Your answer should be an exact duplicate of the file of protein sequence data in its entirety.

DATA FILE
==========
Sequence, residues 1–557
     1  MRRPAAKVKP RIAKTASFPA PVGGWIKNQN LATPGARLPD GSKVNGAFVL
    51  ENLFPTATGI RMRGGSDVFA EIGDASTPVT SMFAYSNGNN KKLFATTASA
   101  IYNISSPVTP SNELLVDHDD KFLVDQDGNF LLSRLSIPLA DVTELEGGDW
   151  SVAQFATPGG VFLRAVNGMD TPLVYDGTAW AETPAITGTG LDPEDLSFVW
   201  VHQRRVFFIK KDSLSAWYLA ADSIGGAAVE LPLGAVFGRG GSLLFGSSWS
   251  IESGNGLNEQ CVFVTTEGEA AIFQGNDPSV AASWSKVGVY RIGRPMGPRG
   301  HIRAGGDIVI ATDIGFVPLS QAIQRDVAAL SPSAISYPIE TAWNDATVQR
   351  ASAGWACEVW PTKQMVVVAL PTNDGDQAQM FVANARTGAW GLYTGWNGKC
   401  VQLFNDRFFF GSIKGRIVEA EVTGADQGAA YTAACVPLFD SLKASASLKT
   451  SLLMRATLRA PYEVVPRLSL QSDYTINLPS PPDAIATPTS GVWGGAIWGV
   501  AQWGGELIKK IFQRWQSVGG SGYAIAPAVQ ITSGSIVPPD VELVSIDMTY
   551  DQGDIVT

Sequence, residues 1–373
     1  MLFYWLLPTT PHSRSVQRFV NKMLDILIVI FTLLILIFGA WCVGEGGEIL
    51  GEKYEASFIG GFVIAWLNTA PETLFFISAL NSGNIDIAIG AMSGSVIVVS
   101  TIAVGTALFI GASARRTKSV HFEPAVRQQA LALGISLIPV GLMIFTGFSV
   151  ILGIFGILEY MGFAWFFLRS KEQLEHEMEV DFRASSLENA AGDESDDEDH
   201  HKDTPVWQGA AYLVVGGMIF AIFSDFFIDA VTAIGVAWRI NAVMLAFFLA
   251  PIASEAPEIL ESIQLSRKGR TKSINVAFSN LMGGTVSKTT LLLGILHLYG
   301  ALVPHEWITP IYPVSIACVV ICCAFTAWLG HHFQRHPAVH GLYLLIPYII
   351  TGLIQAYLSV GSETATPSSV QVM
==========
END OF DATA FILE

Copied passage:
Sequence, residues 1–557
     1  MRRPAAKVKP RIAKTASFPA PVGGWIKNQN LATPGARLPD GSKVNGAFVL
    51  ENLFPTATGI RMRGGSDVFA EIGDASTPVT SMFAYSNGNN KKLFATTASA
   101  IYNISSPVTP SNELLVDHDD KFLVDQDGNF LLSRLSIPLA DVTELEGGDW
   151  SVAQFATPGG VFLRAVNGMD TPLVYDGTAW AETPAITGTG LDPEDLSFVW
   201  VHQRRVFFIK KDSLSAWYLA ADSIGGAAVE LPLGAVFGRG GSLLFGSSWS
   251  IESGNGLNEQ CVFVTTEGEA AIFQGNDPSV AASWSKVGVY RIGRPMGPRG
   301  HIRAGGDIVI ATDIGFVPLS QAIQRDVAAL SPSAISYPIE TAWNDATVQR
   351  ASAGWACEVW PTKQMVVVAL PTNDGDQAQM FVANARTGAW GLYTGWNGKC
   401  VQLFNDRFFF GSIKGRIVEA EVTGADQGAA YTAACVPLFD SLKASASLKT
   451  SLLMRATLRA PYEVVPRLSL QSDYTINLPS PPDAIATPTS GVWGGAIWGV
   501  AQWGGELIKK IFQRWQSVGG SGYAIAPAVQ ITSGSIVPPD VELVSIDMTY
   551  DQGDIVT

Sequence, residues 1–373
     1  MLFYWLLPTT PHSRSVQRFV NKMLDILIVI FTLLILIFGA WCVGEGGEIL
    51  GEKYEASFIG GFVIAWLNTA PETLFFISAL NSGNIDIAIG AMSGSVIVVS
   101  TIAVGTALFI GASARRTKSV HFEPAVRQQA LALGISLIPV GLMIFTGFSV
   151  ILGIFGILEY MGFAWFFLRS KEQLEHEMEV DFRASSLENA AGDESDDEDH
   201  HKDTPVWQGA AYLVVGGMIF AIFSDFFIDA VTAIGVAWRI NAVMLAFFLA
   251  PIASEAPEIL ESIQLSRKGR TKSINVAFSN LMGGTVSKTT LLLGILHLYG
   301  ALVPHEWITP IYPVSIACVV ICCAFTAWLG HHFQRHPAVH GLYLLIPYII
   351  TGLIQAYLSV GSETATPSSV QVM